Depending on the extensions to your professional indemnity policy, coverage may be available for financial losses. As with your fire insurance, the cause must be a sudden and unforeseeable incident.

Preventing damage due to power is better than dealing with the aftermath

Since you know in advance when a power cut will occur, it is important that you take the necessary precautions in advance. You must be able to demonstrate that you took the necessary precautions to deal with such an event. We have listed the key issues for you below:

  • Cooling systems: ensure the necessary emergency power generators are available. A power generator for an SME can easily cost EUR 20,000 or more. If you are considering such an investment, have your generator installed by a specialist in the interest of safety and for optimum efficiency.
  • IT systems: ensure you have back-ups and systems that guarantee a constant mains voltage so that you can carry out a controlled shutdown of the server.
  • Security of your buildings: are your buildings secured solely via electronic means using alarm systems? Make sure to identify the alternatives (e.g. temporarily contracting a security firm).
  • Lighting for your buildings: ensure you have emergency lighting.
    Access and evacuation routes: What happens if your barriers and electric doors fail? Work out the necessary prevention and action plans in good time.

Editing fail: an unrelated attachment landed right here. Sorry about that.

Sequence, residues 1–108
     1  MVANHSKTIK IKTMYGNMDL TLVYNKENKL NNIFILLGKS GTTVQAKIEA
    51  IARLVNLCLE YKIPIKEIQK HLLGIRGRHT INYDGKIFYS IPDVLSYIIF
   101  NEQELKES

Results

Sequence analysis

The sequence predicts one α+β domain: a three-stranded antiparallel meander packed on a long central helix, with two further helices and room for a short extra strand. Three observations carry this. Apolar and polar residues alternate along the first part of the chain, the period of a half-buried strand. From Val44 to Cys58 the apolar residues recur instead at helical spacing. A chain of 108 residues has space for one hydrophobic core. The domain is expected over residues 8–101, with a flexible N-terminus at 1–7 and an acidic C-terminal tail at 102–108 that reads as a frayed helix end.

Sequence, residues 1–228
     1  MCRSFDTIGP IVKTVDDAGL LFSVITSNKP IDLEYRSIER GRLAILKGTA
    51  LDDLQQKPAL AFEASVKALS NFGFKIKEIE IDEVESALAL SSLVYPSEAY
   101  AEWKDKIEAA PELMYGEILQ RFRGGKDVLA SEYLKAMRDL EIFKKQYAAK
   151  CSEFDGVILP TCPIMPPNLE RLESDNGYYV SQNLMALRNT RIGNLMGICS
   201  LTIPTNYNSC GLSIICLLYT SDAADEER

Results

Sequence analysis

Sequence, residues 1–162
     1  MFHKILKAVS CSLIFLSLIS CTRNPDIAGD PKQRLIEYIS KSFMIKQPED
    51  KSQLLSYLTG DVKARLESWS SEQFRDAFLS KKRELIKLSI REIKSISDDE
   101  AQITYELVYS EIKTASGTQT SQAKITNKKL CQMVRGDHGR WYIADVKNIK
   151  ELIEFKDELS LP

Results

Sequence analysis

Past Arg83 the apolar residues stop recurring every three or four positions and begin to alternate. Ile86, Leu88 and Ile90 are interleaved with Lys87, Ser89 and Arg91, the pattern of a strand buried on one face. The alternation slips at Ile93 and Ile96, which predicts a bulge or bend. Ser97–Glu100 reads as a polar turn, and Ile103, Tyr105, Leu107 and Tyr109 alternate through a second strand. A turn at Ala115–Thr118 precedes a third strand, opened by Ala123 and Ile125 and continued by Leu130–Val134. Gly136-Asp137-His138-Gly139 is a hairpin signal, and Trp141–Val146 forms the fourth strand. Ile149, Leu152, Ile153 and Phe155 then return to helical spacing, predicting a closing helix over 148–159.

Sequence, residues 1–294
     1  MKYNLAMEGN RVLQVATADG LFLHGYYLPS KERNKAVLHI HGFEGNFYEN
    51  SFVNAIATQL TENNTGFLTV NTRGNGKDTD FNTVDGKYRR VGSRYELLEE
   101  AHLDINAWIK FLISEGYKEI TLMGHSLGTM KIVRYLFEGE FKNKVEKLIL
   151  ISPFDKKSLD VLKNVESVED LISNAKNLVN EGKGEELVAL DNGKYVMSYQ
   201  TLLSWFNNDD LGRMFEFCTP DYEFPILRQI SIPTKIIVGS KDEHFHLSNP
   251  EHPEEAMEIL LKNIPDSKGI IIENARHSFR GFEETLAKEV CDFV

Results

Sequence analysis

• Production: if your company has multiple establishments in different regions, you may be able to move your production depending on the announced power cuts.
  • Clients/suppliers: are your clients/suppliers in an affected area? Consult with them about whether deliveries can take place on the agreed date.
  • Public relations: inform your clients/suppliers about the situation in Belgium, your province or your municipality. Prepare an e-mail in advance that you could send to all stakeholders.
  • Contracts: check whether your contracts with clients and suppliers contain any penalty clauses if you are not able to meet your contractual obligations.
  • Costs: what extra costs will your firm incur in the event of a black-out? What impact could a power cut have on your turnover? Examine whether you can limit or avoid these extra costs.
  • Staff: what impact will the power cut have in terms of HR if your staff are unable to work for a certain period of time?